NY: How do you know what is good for your body?
SS: I’m a Buddhist. I find that when you get still with yourself, you know just about anything you need to know. It takes quite a bit of discipline, and when you can get to that firm stance of stillness, people can’t really mess with you. I don’t want to tell other people that this is the thing for them. I can say this: I can hear my own thoughts and I can hear my own joy. I know that when things aren’t going well for me for a few days, I have to say, “I need to recommit to my happiness.” When I do that, it’s pretty easy to see anything that isn’t making me happy. If I’m not working out enough, not eating right, not being with the right people—whatever it is—it comes up like a red flag. You can’t turn those flags pink or white. They are just red flags, and you need to remove them. Just take ten deep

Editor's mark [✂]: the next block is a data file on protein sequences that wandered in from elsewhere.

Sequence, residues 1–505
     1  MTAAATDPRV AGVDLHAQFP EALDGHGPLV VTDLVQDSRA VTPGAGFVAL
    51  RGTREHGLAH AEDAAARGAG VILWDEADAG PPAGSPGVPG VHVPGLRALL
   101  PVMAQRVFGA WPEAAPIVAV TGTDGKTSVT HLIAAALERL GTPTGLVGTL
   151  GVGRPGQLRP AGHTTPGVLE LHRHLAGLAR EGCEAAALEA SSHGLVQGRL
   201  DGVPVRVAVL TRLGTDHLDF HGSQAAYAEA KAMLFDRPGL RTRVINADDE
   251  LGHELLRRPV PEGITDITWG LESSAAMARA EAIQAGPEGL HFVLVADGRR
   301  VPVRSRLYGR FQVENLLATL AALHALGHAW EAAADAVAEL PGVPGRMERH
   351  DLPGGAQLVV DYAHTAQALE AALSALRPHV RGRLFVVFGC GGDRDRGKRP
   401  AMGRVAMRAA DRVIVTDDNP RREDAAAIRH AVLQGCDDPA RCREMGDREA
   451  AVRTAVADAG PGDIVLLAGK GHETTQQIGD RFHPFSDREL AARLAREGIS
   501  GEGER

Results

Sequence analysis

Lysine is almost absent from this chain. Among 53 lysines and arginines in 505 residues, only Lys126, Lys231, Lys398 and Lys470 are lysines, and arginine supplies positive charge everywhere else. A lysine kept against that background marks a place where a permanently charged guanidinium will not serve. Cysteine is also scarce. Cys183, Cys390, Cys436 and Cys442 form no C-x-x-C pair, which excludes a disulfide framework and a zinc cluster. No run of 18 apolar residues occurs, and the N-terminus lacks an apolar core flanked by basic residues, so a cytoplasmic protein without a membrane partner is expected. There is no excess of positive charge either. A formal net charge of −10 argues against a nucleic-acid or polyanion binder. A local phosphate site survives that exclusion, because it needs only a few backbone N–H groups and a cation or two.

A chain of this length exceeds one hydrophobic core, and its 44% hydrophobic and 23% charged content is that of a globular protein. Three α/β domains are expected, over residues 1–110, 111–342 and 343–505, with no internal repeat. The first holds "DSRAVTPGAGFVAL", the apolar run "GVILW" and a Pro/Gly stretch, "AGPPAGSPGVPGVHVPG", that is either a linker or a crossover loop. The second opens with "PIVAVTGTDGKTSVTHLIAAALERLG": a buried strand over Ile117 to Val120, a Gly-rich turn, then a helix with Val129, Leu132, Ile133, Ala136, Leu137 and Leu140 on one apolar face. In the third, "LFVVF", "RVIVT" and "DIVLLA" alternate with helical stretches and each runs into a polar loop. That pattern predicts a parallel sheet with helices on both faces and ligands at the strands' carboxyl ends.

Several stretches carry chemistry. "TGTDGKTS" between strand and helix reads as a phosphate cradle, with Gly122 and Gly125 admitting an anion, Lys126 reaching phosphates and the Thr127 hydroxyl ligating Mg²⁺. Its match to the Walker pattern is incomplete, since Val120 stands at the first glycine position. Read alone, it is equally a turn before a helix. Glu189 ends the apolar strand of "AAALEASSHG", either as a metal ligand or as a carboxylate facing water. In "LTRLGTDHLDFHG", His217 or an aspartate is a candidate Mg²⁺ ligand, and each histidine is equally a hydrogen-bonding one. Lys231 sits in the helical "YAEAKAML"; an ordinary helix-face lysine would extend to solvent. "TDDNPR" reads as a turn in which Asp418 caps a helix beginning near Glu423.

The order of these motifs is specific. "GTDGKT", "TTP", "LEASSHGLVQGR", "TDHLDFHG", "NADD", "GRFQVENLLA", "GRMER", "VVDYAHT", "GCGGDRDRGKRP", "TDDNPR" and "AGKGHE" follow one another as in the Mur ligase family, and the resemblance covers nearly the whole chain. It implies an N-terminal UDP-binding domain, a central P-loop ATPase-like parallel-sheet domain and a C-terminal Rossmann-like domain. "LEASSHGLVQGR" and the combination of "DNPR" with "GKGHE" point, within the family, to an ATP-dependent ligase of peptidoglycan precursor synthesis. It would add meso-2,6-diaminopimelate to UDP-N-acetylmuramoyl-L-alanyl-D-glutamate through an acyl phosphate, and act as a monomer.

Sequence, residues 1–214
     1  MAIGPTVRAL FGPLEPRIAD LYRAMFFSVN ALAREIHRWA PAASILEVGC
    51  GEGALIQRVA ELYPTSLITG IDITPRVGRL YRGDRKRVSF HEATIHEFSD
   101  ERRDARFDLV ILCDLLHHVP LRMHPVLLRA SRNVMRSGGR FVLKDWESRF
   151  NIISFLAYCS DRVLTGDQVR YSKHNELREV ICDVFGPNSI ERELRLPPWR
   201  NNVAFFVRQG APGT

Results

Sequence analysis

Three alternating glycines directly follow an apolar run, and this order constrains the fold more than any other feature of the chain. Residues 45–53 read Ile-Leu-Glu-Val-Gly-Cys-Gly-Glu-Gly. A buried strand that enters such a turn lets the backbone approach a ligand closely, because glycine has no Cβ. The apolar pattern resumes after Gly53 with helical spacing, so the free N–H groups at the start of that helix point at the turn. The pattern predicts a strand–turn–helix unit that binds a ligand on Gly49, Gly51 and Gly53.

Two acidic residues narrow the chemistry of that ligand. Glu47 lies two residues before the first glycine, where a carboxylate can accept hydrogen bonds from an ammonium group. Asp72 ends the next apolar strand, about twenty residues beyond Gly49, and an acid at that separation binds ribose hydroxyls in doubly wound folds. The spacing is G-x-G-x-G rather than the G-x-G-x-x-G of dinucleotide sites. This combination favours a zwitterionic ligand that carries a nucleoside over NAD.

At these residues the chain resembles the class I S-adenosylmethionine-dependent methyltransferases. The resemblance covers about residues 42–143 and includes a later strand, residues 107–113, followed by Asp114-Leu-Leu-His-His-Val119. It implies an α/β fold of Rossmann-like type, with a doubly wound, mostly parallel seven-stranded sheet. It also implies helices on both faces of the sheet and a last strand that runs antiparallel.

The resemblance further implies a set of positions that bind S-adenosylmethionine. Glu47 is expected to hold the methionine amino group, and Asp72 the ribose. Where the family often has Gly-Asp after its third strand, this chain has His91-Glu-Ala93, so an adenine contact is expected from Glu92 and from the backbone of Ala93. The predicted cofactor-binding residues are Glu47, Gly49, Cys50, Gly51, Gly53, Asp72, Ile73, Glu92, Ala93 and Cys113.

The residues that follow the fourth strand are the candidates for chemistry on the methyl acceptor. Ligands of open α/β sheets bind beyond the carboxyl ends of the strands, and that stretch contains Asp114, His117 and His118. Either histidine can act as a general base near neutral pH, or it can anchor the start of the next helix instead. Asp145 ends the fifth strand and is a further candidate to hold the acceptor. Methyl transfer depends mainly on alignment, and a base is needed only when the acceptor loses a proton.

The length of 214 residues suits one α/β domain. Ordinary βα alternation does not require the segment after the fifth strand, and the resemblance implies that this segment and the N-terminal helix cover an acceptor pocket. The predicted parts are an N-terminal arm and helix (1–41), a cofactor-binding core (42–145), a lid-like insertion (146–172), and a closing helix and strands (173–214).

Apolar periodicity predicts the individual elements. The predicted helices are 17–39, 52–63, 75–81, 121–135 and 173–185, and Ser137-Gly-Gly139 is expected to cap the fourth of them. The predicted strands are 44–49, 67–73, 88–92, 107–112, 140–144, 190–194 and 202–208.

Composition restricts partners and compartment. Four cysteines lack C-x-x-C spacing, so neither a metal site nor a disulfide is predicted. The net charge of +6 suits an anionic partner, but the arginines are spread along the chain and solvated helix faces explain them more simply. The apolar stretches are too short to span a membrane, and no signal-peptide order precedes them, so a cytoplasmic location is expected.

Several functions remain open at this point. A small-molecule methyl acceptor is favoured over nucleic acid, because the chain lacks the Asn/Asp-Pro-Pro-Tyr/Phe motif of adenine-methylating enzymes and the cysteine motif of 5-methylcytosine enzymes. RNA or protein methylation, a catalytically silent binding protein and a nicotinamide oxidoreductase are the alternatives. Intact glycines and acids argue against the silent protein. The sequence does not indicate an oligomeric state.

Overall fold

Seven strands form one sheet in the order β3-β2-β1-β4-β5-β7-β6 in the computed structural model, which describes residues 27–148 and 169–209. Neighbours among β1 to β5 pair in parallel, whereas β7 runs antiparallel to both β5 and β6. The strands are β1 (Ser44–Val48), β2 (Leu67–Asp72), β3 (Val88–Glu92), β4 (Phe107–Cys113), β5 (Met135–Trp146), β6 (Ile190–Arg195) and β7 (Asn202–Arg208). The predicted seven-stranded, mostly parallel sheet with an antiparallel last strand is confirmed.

breaths and you will know.
NY: When you walk down the red carpet, what goes through your mind? Do you feel a lot of pressure to be your Hollywood image?
SS: I don’t feel pressure. I feel a lot of gratitude—a lot of joy and energy that I’m not just engaging in a one-on-one relationship. Instead, I’m engaging in many relationships. It’s my job to put out some radiance and some light because people look to me for something inspirational. It’s important to give that light with grace, gratitude, and generosity, because people aren’t standing there in the rain or in some other discomfort to have someone not respect them.
NY: Can you share your best makeup tip?